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Hedge funds see value in gold as Fed weighs impact of COVID-19 risks

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(Kitco News) - Hedge Funds increased their bullish bets in gold as they see new value as the U.S. economic recovery faces the growing threat of the COVID-19 Delta variant, according to some analysts quoting the latest trade data from the Commodity Futures Trading Commission.

Commodity analysts at TD Securities described the recent price action in gold as a tug of war between safe-haven demand driven by the ongoing pandemic and the Federal Reserve's desire to reduce its monthly bond-purchasing program by the end of the year.

"Despite expectations that the Fed Chair was going to signal the tapering of the central bank's asset purchase program, concerns surrounding the proliferation of the Delta variant and a strong focus on full employment prompted specs to cover their short bets," said the analysts in a report Monday.

The CFTC disaggregated Commitments of Traders report for the week ending Aug. 24 showed money managers increased their speculative gross long positions in Comex gold futures by 9,364 contracts to 126,636. At the same time, short positions fell by 7,002 contracts to 51,192.

Gold's net length now stands at 75,444 contracts, up nearly 28% from the previous week. Renewed interest in gold helped push prices back above $1,800 an ounce during the survey period. The gold market managed to recover all of its losses caused by the flash crash earlier in the month.

Analysts at TDS said that they see the potential for higher prices as it appears sentiment among speculative investors is shifting. They noted that while the Fed may reduce its monthly purchases, the central bank's monetary policies will remain accommodative for the foreseeable future.

"[Federal Reserve Chair Jerome Powell's] statements coming from the Jackson Hole symposium on Friday suggested that while the central bank would taper, the standard for lifting the Fed Funds rates would be much more stringent, which again suggested low real yields are here to stay for quite a while longer. This implies that long exposure may continue to increase, which could serve as a catalyst for higher gold prices," the analysts said.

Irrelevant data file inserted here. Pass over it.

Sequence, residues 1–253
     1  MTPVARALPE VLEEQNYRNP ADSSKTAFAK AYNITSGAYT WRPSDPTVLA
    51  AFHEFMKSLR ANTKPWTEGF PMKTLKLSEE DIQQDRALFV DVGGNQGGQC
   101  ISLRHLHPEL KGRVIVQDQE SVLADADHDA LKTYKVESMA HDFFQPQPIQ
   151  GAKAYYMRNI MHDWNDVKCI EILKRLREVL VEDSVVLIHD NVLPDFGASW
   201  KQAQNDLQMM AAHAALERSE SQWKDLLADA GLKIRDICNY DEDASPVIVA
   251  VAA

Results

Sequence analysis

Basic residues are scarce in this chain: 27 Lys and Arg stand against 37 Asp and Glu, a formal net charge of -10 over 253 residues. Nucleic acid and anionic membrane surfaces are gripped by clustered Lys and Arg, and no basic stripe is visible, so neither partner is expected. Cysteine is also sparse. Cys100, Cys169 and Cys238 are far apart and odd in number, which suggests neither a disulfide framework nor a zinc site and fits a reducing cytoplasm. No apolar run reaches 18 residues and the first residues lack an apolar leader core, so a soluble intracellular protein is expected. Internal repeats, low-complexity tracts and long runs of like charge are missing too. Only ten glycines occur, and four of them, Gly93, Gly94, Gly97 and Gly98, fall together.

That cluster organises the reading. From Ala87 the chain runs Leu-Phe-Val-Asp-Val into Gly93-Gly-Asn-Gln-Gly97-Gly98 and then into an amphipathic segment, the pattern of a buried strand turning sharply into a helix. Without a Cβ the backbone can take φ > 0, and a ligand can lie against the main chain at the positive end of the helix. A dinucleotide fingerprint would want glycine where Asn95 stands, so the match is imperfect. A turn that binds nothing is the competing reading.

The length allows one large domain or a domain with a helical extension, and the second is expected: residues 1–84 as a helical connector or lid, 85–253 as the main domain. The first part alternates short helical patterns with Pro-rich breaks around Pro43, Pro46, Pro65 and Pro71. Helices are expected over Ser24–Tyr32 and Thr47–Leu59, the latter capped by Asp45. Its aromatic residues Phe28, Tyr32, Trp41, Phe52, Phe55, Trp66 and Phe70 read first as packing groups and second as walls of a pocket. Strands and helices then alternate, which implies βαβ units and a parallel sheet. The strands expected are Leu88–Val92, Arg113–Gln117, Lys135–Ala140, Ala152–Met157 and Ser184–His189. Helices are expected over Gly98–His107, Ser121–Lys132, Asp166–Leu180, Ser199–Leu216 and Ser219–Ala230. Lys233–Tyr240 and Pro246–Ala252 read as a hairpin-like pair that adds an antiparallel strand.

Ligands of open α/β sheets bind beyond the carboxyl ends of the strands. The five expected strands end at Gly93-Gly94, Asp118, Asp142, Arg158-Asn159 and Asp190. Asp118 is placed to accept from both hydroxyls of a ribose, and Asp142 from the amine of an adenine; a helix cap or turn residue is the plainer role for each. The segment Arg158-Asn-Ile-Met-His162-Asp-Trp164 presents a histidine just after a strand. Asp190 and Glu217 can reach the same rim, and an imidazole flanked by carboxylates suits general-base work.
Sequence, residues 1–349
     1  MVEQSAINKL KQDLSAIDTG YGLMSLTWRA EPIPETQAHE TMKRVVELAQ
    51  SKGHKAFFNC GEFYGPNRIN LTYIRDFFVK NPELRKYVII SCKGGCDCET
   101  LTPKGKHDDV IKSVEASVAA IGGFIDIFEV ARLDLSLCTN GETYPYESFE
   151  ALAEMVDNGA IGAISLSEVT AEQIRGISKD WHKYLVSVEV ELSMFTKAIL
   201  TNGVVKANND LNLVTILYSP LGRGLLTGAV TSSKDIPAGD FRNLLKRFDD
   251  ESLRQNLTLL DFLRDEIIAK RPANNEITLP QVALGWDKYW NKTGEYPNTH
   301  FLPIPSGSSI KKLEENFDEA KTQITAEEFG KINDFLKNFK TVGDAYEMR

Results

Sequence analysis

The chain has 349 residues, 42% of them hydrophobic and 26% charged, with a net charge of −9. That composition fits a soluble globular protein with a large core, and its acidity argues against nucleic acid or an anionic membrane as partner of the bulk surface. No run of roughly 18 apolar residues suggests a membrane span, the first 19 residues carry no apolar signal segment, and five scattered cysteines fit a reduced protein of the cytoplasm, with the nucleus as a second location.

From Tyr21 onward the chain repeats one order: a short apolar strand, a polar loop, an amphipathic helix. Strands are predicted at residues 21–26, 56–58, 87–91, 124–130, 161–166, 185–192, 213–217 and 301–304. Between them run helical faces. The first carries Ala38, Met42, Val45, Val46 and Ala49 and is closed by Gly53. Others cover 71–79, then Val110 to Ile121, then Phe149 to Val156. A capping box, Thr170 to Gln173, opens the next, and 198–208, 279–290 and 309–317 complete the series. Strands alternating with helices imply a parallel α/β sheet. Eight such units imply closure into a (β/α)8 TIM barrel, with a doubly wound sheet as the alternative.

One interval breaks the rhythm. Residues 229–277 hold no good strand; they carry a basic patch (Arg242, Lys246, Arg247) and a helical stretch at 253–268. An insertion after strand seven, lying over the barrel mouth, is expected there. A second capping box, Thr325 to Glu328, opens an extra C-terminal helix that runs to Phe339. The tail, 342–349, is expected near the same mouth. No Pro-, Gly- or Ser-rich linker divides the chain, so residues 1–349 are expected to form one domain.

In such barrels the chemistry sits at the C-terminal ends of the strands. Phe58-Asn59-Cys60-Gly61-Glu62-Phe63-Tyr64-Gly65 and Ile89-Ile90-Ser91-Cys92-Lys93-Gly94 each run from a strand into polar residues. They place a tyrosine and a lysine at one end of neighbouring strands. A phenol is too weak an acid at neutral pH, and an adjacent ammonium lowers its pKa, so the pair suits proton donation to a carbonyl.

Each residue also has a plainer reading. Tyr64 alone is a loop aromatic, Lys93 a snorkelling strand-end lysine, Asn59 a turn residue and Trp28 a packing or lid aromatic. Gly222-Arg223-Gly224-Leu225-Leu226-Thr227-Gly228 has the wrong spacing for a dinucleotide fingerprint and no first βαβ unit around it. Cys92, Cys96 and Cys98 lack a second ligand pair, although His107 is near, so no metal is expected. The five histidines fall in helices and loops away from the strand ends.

Commodity analysts at Société Générale said that although the Federal Reserve committee members continue to talk about reducing bond purchase, the ongoing COVID-19 uncertainty keeps them from providing any effective plans and timelines. This uncertainty is weighing on the U.S. dollar, which is benefiting gold.

While money managers are once again viewing gold as a safe haven, the silver market is still struggling to find new bullish sentiment. Hedge funds are reducing their overall exposure, including short-covering.

The disaggregated report showed that money-managed speculative gross long positions in Comex silver futures fell by 133 contracts to 48,094. At the same time, short positions dropped by 1,002 contracts to 37,470.

Silver's net length stands at 10,624 contracts, relatively unchanged compared to the previous week. During the survey period, silver prices tested resistance at $23 an ounce.

Analysts at SocGen reiterated their stance that silver's bearish positioning is overdone and the market is at risk of a short-covering correction.

Silver is not the only metal that is struggling. Hedge funds are also reducing their exposure to copper.

Copper's disaggregated report showed money-managed speculative gross long positions in Comex high-grade copper futures fell by 6,924 contracts to 50,793. At the same time, short positions fell by 233 contracts to38,526.

Copper's net length is currently at 12,267 contracts, falling nearly 35% from the previous week. Despite the drop in bullish sentiment, copper prices managed to hold support above $4.20 an ounce.

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